If you think bugs are causing dry spots in your lawn. Think about the symptoms that you are observing. Do the dry spots in your lawn show up in dry weather? Do you have a sprinkler system? Is it a recurring problem with no visible bugs? Sounds like lack of moisture to me.
Sprinkler systems can have many possible reasons for poor or inadequate coverage. A spray head out of adjustment, plugged or broken can cause dry spots. A shrub, tree, or grass growing over the head can cause poor coverage also. There may not be enough sprinkler heads for correct coverage. The pressure may be too low for acceptable coverage. There may be too many heads on each zone. Nozzle size needs to be considered for matched precipitation. You should never install rotors and popups on the same zone.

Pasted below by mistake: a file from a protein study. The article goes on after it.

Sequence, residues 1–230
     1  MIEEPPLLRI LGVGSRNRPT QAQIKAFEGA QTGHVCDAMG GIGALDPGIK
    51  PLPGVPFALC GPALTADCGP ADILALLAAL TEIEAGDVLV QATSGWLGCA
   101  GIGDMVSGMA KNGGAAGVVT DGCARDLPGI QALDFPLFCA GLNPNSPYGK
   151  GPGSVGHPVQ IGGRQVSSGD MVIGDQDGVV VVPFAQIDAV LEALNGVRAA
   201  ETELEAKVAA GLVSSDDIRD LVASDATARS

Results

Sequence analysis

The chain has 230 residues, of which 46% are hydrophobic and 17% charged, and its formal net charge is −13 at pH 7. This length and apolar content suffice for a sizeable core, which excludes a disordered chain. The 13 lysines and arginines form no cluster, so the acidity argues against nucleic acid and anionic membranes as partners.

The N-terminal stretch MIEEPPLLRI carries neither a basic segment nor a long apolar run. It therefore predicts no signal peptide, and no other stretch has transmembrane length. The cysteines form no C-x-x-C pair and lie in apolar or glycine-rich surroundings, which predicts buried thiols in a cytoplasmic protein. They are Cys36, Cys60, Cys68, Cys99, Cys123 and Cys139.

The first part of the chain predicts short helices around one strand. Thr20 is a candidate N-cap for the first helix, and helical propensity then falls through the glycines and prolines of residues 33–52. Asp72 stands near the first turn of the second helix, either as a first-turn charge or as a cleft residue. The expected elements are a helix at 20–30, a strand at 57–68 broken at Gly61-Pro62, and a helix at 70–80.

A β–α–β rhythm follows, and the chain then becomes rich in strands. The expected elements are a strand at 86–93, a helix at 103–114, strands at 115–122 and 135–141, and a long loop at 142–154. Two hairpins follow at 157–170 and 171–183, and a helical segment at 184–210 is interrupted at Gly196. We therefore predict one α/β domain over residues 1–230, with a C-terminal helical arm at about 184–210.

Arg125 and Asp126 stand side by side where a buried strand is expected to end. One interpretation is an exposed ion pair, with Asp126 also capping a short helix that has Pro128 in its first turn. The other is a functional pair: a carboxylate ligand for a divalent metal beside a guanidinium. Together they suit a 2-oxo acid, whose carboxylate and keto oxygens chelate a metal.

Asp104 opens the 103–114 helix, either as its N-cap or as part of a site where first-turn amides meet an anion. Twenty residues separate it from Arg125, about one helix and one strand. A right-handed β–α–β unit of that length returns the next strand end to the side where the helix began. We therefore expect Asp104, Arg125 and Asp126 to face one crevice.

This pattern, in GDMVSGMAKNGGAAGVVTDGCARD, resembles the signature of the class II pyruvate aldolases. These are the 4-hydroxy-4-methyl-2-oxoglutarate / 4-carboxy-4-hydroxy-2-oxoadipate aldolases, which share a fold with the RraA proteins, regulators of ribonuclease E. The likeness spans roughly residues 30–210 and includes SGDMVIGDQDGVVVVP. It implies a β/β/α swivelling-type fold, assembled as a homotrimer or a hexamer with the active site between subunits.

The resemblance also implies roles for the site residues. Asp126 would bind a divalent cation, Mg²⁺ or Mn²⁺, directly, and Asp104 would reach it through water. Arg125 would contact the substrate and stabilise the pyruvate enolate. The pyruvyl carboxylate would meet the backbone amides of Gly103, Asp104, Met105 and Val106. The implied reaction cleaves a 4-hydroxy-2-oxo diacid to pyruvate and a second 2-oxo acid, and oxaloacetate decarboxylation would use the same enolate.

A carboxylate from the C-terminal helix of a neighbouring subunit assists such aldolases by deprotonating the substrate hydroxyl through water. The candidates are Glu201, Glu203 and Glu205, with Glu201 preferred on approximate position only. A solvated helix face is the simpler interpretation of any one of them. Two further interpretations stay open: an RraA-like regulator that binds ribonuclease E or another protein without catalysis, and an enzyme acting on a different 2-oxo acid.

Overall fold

Place some cans in the lawn over the dry spots and green areas as a good comparison while the sprinklers are running. Let them run until there is enough water in the cans to compare the amounts. This will be a good way to check your coverage.
Check several areas in the dry and green areas of the lawn with a soil probe. You should pull out a 6 to 8 inch core. You will be able to tell the difference if it is a moisture problem. If moisture is equal in both dry and normal lawn cores you may well have a pest problem. Don’t just randomly treat for bugs until you have determined exactly which pest is the culprit. If you need help call a lawn care or pest control business. You can contact philthegardener by leaving a comment here or on the Questions For Phil The Gardener page. I will be glad to help you.